Echo Theater

368 Bushwick Avenue,
Brooklyn, NY 11206

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johndereszewski on August 24, 2010 at 5:21 pm

Hector, if you – or anyone else – wishes to discuss the old neighborhood in more detailed length off line, please contact me at

However, I believe that most of the items that I raised should be discussed on these pages. In discussing the old movie houses, it is essential that we explore the relation that those theaters had to the communities that they served. This is particularly true of the old “nabe” theaters – like the Echo – that were hardly architetural wonders, but provided very meaningful services to their “nabes” for many years. Thus, in trying to determine “Who went there?”, we need to know the character of the community that hosted and supported them. The fact that this neighborhood has not existed for a half century makes this an especially valuable endeavor in urban history.

So, for these reasons, I think it is entirely appropriate for us to explore these questions on this page. Such a discussion could mimic the wonderful dialogue on the Colonial Theatre page, where the interplay of that Bushwick theater and the members of Our Lady of Lourdes parish frames a wonderful – and highly insightful – discussion. The fact that some of the more extreme defenders of “CT discussion purity” would oppose any such discussion should not prevent this very valuable dialogue from going forward.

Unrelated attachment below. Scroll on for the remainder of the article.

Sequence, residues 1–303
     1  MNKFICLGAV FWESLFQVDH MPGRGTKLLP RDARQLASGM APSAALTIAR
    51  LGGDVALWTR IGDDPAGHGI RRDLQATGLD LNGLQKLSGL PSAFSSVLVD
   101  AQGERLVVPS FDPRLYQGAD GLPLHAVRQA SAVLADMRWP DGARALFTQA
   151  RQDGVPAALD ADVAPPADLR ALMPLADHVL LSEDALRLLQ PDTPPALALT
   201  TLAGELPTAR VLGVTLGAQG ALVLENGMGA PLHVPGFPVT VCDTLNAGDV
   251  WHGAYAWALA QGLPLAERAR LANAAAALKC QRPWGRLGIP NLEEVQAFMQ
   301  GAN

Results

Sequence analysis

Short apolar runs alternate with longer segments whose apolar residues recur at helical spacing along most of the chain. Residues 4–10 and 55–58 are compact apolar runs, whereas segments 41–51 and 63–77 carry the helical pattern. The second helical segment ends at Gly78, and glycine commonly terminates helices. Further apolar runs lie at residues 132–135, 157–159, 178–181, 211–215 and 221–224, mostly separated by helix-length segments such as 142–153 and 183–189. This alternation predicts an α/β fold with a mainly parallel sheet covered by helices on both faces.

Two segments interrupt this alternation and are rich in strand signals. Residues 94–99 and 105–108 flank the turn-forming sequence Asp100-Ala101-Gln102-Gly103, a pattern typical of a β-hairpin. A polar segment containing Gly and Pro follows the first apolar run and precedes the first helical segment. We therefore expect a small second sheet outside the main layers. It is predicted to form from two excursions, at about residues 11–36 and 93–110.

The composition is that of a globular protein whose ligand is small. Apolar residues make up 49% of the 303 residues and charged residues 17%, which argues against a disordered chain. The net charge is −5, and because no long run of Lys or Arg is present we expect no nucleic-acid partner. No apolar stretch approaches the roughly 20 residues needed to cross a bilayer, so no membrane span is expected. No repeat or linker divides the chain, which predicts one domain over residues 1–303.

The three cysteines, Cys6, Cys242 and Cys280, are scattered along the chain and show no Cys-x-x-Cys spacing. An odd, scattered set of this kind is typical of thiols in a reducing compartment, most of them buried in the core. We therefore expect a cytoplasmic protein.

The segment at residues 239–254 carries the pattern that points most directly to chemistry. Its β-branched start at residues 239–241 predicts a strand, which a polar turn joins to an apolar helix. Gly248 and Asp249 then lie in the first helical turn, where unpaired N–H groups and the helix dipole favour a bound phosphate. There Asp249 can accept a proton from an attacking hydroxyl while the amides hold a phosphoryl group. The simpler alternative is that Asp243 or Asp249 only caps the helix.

Talk soon.

Hopefully, this will begin a very interesting diologue – or not.

TPH on August 24, 2010 at 6:35 am

Hi John,
You raise an interesting point. Despite the presence of large ethnic communities in that vicinity foreign language product corresponding to the Italian or Yiddish enclaves that were in the area failed to be presented. It wasn’t until after WWII that theaters like the Sun & the Alba began importing Mexican movies primarily through Columbia Pictures, for the Latino population that moved into the neighborhood. As late as the ‘60s, the Graham may have been presenting some Italian films, but not the art house fare that was popular then.

Of course I’m familiar with Our Lady of Pompeii having attended many a family function there. As it may not relate specifically to the message parameters of CT, let me know if you’d want me to contact you off-line to go into further detail.